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Archive for the ‘New Orleans’ Category

I hope it’s not too late to send out a hearty Happy Mardi Gras hug to everyone!

Tonight finds me enjoying a new New Orleans tradition my husband has just shared: Eating Zapp’s Spicy Cajun Crawtators potato chips with cream cheese.  (Hey, they don’t call it Low Fat Tuesday!)

Raising a few Abita Turbodogs. Cheers, everyone!

So in honor of the end of carnival season, tell me:
What are you dipping into tonight?

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Just before Christmas, Ian and I made a long overdue return to New Orleans, not having been back since right after Katrina, and I am happy to report that I found my beloved city as lush and warm and deliriously enchanting as I remembered it. The Spanish moss hung from the branches of the mighty live oaks, the fine, pale-green threads swinging in the breeze like upside-down coral in a sea’s current. The shotguns and Creole cottages shone in colors so rich they could be tasted, draped in decorations that would stay festive year-round. The front porch of the Columns Hotel beamed and beckoned. Storefronts glowed, streetcars clanked, and dogs ruled the levee, running along the bank like children out of school.  It was a wonderful Christmas gift.

And though I know the city lives every day with its challenges (the Gulf hasn’t forgotten its oil drowning and neither can we) and many, many people remain hard at work trying to rebuild from Katrina’s destruction, I am grateful and so proud of those who returned to honor such a precious place. My thanks to you. It was a privilege to call New Orleans my home once upon a time.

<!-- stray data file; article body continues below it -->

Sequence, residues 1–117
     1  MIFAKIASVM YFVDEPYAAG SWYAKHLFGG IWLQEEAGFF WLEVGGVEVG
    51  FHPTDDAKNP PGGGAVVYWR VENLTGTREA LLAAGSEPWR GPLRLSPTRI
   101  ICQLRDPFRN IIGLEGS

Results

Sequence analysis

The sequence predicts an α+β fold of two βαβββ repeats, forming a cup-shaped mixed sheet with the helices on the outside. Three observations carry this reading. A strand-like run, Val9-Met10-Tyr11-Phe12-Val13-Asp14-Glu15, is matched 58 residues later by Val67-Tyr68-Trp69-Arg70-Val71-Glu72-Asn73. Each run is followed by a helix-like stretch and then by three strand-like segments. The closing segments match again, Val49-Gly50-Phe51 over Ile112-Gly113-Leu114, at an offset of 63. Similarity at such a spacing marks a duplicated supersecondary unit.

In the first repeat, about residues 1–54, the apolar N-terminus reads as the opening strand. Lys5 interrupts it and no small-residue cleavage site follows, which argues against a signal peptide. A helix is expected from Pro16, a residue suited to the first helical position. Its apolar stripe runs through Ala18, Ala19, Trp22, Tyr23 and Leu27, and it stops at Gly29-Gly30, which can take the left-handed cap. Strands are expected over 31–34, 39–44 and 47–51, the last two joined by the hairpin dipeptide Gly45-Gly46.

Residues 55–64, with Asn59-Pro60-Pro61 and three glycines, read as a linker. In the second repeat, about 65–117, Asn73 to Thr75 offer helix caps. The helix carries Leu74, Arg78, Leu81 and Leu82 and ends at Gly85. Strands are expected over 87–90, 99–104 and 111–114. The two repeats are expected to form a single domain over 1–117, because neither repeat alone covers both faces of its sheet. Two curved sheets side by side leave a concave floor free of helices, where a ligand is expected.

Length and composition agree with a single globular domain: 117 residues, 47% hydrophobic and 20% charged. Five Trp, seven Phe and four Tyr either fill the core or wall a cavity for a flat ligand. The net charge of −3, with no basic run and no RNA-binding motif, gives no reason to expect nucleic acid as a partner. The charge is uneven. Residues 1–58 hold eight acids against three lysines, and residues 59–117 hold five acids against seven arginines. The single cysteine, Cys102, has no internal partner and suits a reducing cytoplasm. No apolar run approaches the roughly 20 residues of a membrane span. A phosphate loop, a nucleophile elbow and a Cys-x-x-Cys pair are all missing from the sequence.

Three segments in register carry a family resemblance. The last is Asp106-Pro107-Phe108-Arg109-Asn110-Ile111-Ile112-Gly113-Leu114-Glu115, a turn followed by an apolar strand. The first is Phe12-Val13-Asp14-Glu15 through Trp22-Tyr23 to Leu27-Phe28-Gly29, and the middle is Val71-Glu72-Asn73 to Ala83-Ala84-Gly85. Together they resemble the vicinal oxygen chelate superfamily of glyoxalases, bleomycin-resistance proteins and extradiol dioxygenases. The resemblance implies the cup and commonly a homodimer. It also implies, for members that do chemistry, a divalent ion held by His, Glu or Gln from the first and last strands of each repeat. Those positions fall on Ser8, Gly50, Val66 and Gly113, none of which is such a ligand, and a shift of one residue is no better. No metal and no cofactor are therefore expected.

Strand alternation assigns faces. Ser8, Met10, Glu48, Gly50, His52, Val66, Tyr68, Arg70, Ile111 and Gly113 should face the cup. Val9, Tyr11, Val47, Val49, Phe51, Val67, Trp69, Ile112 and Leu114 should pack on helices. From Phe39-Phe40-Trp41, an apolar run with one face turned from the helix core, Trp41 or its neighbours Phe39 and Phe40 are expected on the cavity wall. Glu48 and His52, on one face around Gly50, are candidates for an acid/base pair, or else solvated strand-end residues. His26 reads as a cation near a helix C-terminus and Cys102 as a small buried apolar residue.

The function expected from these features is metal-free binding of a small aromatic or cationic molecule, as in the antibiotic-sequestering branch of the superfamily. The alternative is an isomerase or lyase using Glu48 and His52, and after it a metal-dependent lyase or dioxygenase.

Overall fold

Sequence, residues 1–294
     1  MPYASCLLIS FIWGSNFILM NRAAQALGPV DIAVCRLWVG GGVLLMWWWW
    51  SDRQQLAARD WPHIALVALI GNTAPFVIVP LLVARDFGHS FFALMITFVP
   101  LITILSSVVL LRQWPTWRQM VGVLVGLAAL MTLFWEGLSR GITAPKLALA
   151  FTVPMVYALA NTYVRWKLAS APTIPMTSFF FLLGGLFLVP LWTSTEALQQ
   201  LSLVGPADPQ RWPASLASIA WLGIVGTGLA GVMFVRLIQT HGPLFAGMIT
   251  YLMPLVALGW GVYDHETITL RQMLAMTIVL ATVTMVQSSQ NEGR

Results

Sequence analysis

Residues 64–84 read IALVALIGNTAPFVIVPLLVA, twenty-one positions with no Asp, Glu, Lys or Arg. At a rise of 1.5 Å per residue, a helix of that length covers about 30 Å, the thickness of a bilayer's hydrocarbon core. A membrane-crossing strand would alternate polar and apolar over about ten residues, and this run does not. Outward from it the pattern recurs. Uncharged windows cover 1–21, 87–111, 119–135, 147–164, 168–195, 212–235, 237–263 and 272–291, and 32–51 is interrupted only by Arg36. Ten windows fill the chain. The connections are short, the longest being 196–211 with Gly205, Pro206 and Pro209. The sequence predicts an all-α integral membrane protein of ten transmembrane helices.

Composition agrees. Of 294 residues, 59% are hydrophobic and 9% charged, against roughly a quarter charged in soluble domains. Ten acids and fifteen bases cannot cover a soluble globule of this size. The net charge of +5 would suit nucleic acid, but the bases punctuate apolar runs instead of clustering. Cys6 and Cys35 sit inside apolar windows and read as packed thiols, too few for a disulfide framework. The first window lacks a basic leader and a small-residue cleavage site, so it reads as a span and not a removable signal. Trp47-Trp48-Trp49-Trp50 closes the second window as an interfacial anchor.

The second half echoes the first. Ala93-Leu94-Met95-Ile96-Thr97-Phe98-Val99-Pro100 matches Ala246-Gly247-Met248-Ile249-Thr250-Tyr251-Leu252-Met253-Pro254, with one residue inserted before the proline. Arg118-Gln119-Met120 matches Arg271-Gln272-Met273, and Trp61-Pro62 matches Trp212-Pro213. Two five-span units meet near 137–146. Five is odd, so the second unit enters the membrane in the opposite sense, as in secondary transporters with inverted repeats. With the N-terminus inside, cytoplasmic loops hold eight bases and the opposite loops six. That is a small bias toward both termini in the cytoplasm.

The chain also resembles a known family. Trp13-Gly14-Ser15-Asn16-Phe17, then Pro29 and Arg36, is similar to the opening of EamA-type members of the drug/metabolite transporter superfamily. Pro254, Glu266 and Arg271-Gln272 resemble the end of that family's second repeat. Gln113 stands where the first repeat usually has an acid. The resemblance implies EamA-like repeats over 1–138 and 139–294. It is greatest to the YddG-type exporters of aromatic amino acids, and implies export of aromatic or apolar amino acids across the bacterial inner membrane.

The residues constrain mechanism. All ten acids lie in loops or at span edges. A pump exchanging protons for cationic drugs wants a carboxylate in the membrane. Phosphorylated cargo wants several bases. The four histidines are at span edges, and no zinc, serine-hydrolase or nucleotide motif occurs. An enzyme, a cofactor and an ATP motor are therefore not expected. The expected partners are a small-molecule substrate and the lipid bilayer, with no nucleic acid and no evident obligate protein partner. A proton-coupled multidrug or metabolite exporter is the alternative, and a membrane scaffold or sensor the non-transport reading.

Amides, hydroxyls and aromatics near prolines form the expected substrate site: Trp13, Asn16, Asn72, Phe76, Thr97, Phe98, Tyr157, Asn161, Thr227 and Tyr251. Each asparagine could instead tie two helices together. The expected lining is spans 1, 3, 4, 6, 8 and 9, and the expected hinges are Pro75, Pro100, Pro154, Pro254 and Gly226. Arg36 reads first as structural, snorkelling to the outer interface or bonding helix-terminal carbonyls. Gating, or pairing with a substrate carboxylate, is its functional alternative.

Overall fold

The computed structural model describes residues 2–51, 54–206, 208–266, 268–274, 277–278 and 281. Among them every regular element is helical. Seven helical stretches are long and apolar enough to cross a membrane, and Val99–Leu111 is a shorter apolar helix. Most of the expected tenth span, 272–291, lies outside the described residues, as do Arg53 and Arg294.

So this year, if you’ve never been to New Orleans or if you haven’t been in a while, treat yourself. Help celebrate the rebirth and the continuing growth and preservation of this treasure.

Your heart and belly, ears, nose and soul will thank you.

Happy New Year, friends. May 2011 bring peace and goodwill. And may we all do our part to make that wish come true.



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In LITTLE GALE GUMBO, one of Camille Bergeron’s signature Creole treats are her creamy pralines. Pronounced Praw-leen, these pecan-laden discs are nothing short of perfection and were a source of addiction for me during the years that I lived in New Orleans.

So when my husband and I relocated/returned to Maine after Hurricane Katrina, I could think of no quicker balm to soothe my heartache than to finally try my hand at the confection that I had adored, the confection that above all others–except a Hubig’s coconut pie or a Cafe Du Monde beignet–says New Orleans to me and always will.

But with so many recipes and variations out there on the internet, who to ask for a tried and true version? I decided to consult my husband’s great-grandmother, a native Louisianan who had been making pralines for well over fifty years. Her recipe was very simple, she assured me,  explaining the short list of ingredients. It certainly sounded easy enough, so I set about getting the sugar and cream, vanilla and  pecans, and later that day, I followed her “easy” instructions.

Well. Instead of producing a dozen shiny, beautiful pralines, I ended up with piles of brown goo that eventually hardened on the bottom of our apartment’s freezer and had to be removed with a paint scraper when we finally moved. As I should have expected, like so many things, ease comes from experience. Ian’s great-grandmother knew when her praline syrup was ready simply by rolling a portion into a little ball. I would need to use a candy thermometer. At least, for a few years. Or twenty.

But this time out, I’m ready. I’ve got the scraper standing by, but I’m so confident I won’t be needing it that I haven’t cleaned it of its five layers of paint from our old house. Heck, I haven’t even made room in the freezer–how’s that for cocky? Ian assures me that just by him, a native New Orleanian, being in the same kitchen (he was absent during my first attempt) that I can’t fail this time.